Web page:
The controversial No Child Left Behind law is stuck in detention. States and teachers unions shake their fingers at it, complaining of impossible-to-meet standards, overreliance on student testing, and lack of funding. Eight years into the law, Congress has yet to reauthorize it.
President Obama hopes to change that. His education budget calls for Congress to renew NCLB this year, and if it does, he will then propose $1 billion in added education spending for the states. It’s indicative of his overall approach to education reform – dangling carrots to encourage frozen bunnies to hop. To push lawmakers along, he’s also suggesting significant alterations to the law that the administration hopes will satisfy critics without sacrificing accountability for learning students.
But is Mr. Obama trying to square a circle – an impossible task in Euclidean geometry? Can the critics be mollified and standards upheld?
In the president’s favor, education reform is one area where Democrats and Republicans have drawn closer together. The NCLB Act, passed in 2001, was the result of a major bipartisan effort between President Bush and the late Democratic Sen. Ted Kennedy. The goal was to move all public school students to math and reading proficiency by 2014. The leverage of school choice and withheld federal funding was supposed to push failing schools into compliance.
But states bristled at federal intervention in an area that’s largely their domain. They complained of another “unfunded federal mandate.” Obama’s proposed budget tries to meet this criticism with a spending increase of just over 6 percent. It’s one of the few areas of the federal budget (besides national security) where the administration is not cutting or freezing spending.
However, even record federal spending on education won’t rescue the states. The US government provides only 7 cents for every dollar spent on education. NCLB has to be seen as a national goal, not a means. It is still up to states and school districts to do their job of educating America’s students. Maybe Obama’s 6 percent increase will quiet those complaints, but more likely not.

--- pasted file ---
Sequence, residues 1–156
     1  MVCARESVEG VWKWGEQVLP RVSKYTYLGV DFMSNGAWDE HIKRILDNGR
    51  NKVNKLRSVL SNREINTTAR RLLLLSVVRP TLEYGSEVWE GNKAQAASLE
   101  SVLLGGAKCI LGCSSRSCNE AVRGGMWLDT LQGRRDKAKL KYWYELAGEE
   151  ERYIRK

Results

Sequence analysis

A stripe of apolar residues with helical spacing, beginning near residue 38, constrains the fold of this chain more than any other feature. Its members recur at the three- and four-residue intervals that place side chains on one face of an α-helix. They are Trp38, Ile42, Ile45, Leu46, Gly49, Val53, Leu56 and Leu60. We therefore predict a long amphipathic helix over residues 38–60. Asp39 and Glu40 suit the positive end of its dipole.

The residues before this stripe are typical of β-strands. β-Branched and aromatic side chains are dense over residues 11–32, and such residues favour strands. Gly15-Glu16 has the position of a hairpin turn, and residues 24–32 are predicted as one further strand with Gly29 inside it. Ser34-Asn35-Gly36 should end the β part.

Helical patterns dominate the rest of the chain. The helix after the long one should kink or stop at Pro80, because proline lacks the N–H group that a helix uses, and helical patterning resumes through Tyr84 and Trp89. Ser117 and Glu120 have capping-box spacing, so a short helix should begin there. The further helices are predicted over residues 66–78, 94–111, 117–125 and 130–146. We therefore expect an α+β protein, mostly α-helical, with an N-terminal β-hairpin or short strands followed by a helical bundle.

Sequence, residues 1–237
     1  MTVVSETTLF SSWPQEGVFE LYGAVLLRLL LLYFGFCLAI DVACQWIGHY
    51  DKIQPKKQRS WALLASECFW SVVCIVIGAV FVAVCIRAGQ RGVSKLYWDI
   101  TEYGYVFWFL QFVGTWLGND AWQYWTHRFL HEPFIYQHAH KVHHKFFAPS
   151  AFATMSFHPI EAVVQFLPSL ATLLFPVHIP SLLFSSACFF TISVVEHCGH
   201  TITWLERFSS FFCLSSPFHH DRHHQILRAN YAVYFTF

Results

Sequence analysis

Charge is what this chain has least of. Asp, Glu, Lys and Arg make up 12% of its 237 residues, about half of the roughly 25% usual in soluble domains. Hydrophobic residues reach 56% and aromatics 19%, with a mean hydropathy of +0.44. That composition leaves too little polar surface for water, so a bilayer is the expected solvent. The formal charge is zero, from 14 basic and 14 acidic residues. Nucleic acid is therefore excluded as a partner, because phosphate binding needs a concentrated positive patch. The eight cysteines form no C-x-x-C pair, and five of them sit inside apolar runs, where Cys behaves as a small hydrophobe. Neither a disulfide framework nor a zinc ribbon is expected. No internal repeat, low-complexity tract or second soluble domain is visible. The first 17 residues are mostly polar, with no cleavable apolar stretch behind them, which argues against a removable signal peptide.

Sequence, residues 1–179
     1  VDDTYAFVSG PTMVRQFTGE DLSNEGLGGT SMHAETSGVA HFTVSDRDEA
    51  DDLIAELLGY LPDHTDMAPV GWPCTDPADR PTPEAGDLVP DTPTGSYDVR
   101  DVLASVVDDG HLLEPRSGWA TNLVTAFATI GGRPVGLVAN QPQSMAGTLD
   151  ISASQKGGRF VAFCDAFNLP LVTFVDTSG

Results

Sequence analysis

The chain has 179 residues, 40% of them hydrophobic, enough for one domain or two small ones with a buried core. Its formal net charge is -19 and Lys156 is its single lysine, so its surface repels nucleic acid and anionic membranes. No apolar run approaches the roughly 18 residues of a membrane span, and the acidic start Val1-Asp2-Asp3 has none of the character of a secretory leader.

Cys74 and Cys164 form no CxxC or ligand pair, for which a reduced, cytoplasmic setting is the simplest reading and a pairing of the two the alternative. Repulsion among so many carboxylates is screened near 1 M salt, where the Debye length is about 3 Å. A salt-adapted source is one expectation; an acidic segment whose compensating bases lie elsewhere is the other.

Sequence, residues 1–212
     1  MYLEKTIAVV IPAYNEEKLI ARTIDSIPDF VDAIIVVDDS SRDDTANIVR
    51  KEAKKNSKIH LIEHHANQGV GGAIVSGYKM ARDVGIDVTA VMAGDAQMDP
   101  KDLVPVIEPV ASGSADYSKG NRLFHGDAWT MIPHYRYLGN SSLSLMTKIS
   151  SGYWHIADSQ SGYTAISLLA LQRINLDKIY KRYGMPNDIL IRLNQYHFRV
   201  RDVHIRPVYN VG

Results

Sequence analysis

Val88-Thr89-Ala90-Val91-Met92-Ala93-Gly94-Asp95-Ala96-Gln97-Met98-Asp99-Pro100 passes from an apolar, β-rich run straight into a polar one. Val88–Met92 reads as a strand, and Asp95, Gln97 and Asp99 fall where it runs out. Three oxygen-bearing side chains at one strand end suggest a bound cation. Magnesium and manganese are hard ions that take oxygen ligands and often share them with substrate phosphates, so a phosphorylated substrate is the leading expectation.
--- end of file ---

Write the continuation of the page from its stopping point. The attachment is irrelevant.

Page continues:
The Obama administration is also trying to address state and teacher union criticisms about simplistic standards. Education Secretary Arne Duncan proposes replacing the annual yearly progress benchmarks – based on math and reading student testing – with something called “college and career readiness.” It is a more nuanced approach, the administration says.
But details are yet to come, and they will make all the difference. Supposedly, the administration’s new standards will be guided by a yet-to-be-finished project undertaken by the nation’s governors. The governors have been working on common K-12 standards that prepare a student either for college or for a career after high school.
Potentially, the governors’ standards could raise the achievement bar. Under NCLB, which leaves it to states to measure their own achievement, some states selected tests that actually lowered their standards of proficiency. Politically, the governors’ standards could work because they come from the grass roots, as opposed to being seen as a Bolshevik imposition from the White House.
There’s something basic and solid, though, about reading and math standards. The temptation for the governors is to go fuzzy on their benchmarks, so states – and students – don’t have to work so hard. If Obama follows fuzzy standards, he does the nation a disservice and is better off just limping along with the current, unimproved NCLB law.
The most promising part of the president’s approach to a revamped NCLB is his emphasis on competition and incentives for federal funds. Instead of dispensing federal education dollars by a set formula, he wants some of the money to go only to states that are reforming – and performing.
His “Race to the Top” program, passed as part of the 2009 Recovery Act, proves this can work. That program set $4 billion aside for states that reform – that allow the growth of charter schools, improve collection of performance data, and link teacher evaluation to student performance. Forty states are competing for this money, and many of them have changed their laws in order to qualify.
Critics have a point that NCLB is nowhere near its 2014 goal of 100 percent proficiency in math and reading. The latest “nation’s report card” on math, for instance, shows only 39 percent of fourth-graders and 34 percent of eighth-graders at or above proficiency.
But the principles behind the law – standards and accountability – are beyond question, and students have progressed under this law. Perhaps the president’s emphasis on incentives will change the minds of the law’s critics, and those of reluctant lawmakers. But that effort won’t be worth it if “college and career readiness” turns out to be just a sophisticated way of saying “lower standards.”